In this two-part blog series, we will explore the world of retail advice in banking. In this first piece, we examine why so many institutions are struggling to scale retail advice, and in the second, we will share five best practices from leaders in this space.
For more than a hundred years, banks and other financial institutions have offered advisory services to high-net-worth clients. In the early 2000s, wealth-technology start-ups reshaped the advisory landscape by offering robo-advisory services to the mass affluent segment. In the last five years, advisory services have again entered a new frontier: advice for the retail segment. The retail segment consists of customers with less than $100,000 of investable assets.
With 78 percent of all retail clients expecting advice, this topic has captured banking executives' attention.
What is Retail Advice?
Retail advice is very different from mass affluent advice; it is broader, more difficult to deliver, and, at times, less profitable. Retail advice consists of three main characteristics:
Broad in scope: retail advice starts with basic how-to education and product selection recommendations. It moves to personal financial management (PFM) services, like cash flow management, and includes life-events and scenario-based retirement planning.
Multiple delivery methods: banks typically offer pieces of retail advice via self-serve channels, in-person at the branch, or through a hybrid model using virtual meetings. However, institutions cannot choose just one channel; they must support them all to ensure scalability.
Education first: value from retail advice is derived by educating clients to be financially literate and by influencing behavior changes. Trust is a crucial part of the process. Clients will not change their behavior because of a recommendation from someone they do not trust. For this reason, selling while advising is discouraged, and handholding is often expected.
Banks have been offering advice tools for retail clients for years. Primarily product selectors and cashflow tools, have only looked at them as part of the big advice offer.
Why Do Banks Struggle to Scale Retail Advice?
Early entrants in the space did what seemed natural: they took the tools that mass affluent advisors used, simplified them, converted them to self-serve, published online, and invited clients to self-advise. However, volumes were disappointing, even for platforms that had a good customer experience. Analysis by organizations attempting this approach pointed to a portion of clients that weren’t interested in starting the process because of a lack of perceived value. For customers who did continue using the platforms, overwhelming complexities with scenario planning later led to abandonment. This is the first retail advice barrier: clients will not self-serve advice without step-by-step help and support.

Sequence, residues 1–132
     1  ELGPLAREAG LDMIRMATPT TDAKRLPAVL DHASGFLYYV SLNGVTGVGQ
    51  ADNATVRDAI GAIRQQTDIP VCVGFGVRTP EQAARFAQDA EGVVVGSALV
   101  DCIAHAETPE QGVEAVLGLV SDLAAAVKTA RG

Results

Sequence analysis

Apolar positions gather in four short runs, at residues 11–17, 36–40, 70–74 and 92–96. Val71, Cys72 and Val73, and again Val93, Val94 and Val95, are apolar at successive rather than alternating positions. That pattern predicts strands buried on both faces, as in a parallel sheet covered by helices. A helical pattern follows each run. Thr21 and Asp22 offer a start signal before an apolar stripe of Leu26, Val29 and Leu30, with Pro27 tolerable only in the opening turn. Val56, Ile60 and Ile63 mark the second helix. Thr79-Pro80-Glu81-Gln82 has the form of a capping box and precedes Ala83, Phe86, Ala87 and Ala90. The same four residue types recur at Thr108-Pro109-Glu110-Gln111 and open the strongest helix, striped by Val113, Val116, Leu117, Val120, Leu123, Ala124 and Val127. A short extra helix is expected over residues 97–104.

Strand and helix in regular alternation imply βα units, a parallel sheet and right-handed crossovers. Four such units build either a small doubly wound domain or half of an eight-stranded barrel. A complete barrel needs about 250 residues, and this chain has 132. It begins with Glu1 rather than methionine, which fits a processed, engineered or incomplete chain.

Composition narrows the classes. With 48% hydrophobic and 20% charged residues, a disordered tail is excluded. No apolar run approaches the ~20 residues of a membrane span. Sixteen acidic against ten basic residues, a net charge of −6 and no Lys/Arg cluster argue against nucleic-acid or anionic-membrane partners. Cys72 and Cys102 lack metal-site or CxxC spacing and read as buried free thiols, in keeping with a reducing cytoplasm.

Banks that decided to take an in-person approach to offer retail advice noticed that it took close to two forty-minute sessions to provide simple financial advice, and most of this time was spent on teaching financial literacy rather than on actual advice. This amount of time was difficult to justify for branch executives, given the small per-client revenue generated. The second barrier is that typically, retail advice takes longer to execute than most banks are willing to invest. Banks needed to find a way to scale profitably.
Institutions that conducted branch-level pilot testing of retail advice services encountered another hurdle with scaling. Branch staff whose compensation packages were heavily based around commission were now spending a large part of their day offering retail advice, during which the selling of products was prohibited. In addition, client satisfaction with financial planning sessions conducted by non-licensed advisors was significantly lower than their satisfaction after a session with a trained advisor. Banks have had to significantly invest in retraining exercises to ensure that customers are receiving qualified advice as well as a good customer experience. In short, having the right tools for advisors and clients was not enough.
Finally, bankers found that advice was a holistic conversation, where they were previously used to narrow, product-specific meetings. Compliance departments, branch managers, and front-line staff were worried about providing advice on products they were not trained or licensed for. A new set of service guidelines are required to provide holistic advice while following regulations to combat this uncertainty.
Retail advice has proven difficult to scale within the existing banking operating model. It requires a top-of-the-house commitment, process changes, technical investment, and a mentality shift.
However, there are clear examples of banks that have managed to launch and scale a retail advice offer successfully. Our next blog will explore the best practices of institutions currently considered market leaders in this new frontier of customer retail advice.
To learn more about Capco’s retail advice solution, please contact email@example.com.
Blog based on a study by Nicolas Beltran, Ioannis Vassilopolus, Maria Delatorre, Vishal Kamath